Anywhoo, Hall’s hilarious rant on customers, customer service and working for The Big Fancy - a probable combination of Macy’s and Nordstroms where he used to work - hits many spots. As an aspiring screenwriter, Hall’s dose of customer insanity will remind anyone of David Sedaris and ultra hyper-reality in which he lives.

For some, they’ll say his stories are absurd, that the situations in his book could not happen. Hell, after 12 years of working with Borders (and add on 22 years in the book business and 29 years in retail overall), I can tell you stories about catching three men having sex in the men's bathroom, or the ones shooting up in the stalls; of hearing a story in my old store about a teenage boy completely naked -for whatever reason - in our bathroom. Then there's the story of me cleaning up a trail of wet, sloppy poop from the front of the store to the back. Yes, what we do for the unforgiving love of our customers.

So, what stories he tells are far from his imagination.

Interspersed, he tells his tale of coming to LA to become a screenwriter, and how working for The Big Fancy is crushing that dream. All of us know that our off days are truly not ours and even though we plan to grand things when we get those days off, we usually fail to do it, because exhaustion usually gets the best of us.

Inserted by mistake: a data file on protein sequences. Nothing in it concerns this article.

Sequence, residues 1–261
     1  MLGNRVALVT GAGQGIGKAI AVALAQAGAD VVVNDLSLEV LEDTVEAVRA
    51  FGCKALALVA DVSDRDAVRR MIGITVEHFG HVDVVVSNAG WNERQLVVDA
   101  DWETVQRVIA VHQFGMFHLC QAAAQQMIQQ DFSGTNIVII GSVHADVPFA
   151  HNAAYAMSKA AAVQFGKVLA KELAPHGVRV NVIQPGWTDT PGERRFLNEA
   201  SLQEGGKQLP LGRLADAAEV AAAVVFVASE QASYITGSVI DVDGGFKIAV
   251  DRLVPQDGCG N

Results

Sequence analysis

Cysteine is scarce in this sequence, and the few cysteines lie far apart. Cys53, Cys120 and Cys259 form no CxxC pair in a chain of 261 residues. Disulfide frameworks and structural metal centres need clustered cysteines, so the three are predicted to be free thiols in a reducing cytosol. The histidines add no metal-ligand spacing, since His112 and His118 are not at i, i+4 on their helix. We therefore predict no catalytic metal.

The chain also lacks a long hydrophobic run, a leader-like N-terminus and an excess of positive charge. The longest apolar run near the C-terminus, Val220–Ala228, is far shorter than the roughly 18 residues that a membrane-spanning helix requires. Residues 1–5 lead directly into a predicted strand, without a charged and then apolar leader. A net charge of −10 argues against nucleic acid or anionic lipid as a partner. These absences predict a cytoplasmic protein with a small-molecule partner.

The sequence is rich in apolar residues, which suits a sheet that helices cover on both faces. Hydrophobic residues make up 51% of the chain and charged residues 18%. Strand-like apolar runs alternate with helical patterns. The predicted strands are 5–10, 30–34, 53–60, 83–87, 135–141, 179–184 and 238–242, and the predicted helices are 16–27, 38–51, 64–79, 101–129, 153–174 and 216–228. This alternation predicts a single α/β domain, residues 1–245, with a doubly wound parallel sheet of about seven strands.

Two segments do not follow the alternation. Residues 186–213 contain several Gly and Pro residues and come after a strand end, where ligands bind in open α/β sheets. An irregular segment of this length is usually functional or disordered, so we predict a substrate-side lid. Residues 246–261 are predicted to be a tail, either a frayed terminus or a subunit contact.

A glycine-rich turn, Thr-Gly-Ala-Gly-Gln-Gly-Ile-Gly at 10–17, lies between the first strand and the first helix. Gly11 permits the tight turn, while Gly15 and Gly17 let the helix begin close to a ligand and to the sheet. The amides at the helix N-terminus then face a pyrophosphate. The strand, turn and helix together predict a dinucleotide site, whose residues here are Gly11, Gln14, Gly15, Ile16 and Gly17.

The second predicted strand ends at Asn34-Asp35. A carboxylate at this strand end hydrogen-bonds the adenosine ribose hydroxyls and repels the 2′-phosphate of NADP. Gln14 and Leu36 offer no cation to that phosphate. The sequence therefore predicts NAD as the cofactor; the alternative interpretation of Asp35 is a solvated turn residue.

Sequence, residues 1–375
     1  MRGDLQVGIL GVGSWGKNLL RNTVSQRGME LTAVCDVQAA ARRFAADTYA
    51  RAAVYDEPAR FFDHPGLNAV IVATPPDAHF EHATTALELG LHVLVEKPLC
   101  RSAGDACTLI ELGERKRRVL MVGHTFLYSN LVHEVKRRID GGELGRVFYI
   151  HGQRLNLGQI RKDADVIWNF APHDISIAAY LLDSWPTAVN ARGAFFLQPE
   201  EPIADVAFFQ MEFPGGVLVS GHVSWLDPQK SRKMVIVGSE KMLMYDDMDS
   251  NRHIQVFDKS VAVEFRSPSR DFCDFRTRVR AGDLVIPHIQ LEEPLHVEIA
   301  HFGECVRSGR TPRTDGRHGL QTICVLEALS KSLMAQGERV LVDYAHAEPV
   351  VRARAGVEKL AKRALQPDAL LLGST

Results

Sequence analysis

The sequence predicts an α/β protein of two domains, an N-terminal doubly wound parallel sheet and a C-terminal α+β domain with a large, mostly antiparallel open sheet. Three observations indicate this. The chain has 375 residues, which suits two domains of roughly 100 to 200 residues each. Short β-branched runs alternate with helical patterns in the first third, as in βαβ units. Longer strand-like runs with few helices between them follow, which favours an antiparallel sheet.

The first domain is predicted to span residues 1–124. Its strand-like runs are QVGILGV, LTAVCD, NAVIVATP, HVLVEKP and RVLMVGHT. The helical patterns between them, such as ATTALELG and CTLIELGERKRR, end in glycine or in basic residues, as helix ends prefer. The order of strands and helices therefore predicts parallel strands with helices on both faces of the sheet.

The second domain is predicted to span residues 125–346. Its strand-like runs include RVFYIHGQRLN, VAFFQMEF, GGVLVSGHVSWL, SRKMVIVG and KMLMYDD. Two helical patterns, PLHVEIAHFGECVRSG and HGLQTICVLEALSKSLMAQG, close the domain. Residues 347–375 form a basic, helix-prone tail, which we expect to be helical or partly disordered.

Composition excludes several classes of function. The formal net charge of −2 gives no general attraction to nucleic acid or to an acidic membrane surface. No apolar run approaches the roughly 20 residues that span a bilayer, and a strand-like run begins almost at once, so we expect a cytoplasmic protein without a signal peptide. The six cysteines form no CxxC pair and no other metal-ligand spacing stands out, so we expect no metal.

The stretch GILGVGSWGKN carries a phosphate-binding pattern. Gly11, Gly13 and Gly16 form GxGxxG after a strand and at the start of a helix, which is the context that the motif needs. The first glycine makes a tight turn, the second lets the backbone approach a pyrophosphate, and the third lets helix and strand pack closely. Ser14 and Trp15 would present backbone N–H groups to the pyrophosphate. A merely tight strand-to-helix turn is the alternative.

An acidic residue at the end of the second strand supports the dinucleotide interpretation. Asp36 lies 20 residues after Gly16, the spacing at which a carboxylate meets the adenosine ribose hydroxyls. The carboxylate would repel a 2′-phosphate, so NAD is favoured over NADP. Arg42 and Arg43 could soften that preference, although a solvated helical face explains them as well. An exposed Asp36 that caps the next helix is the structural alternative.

And while other jobs -ones outside the service industry - can be soul crunching, for some reason retail is worse. It’s all about numbers, quotas and reaching a higher quarter than the previous (even though, theoretically, along with the law of averages, is something not possible.

Anyone can quote leadership gurus like John Maxwell and Peter Drucker, but the reality of retail -and of Freeman Hall’s book - is that while the customer is always right is a good idea, in reality it’s a poor excuse to let people screw you up and down the month.

And who gets blamed for poor sales? Not the slumping economy, surely. Nope. It’s the guy, the girl behind the counter who gets blamed. I mean, how many times do we have tohear if we just sold $5.00 more bucks worth of merchandise, we would’ve made plan?

10 August 2009

Books: NERDS: National Espionage, Rescue, and Defense Society by Michael Buckley

Despite being a title for the young, Michael Buckley’s (The Sisters Grimm) new series is a comic treat, as fifth graders become secret agents, ala James Bond.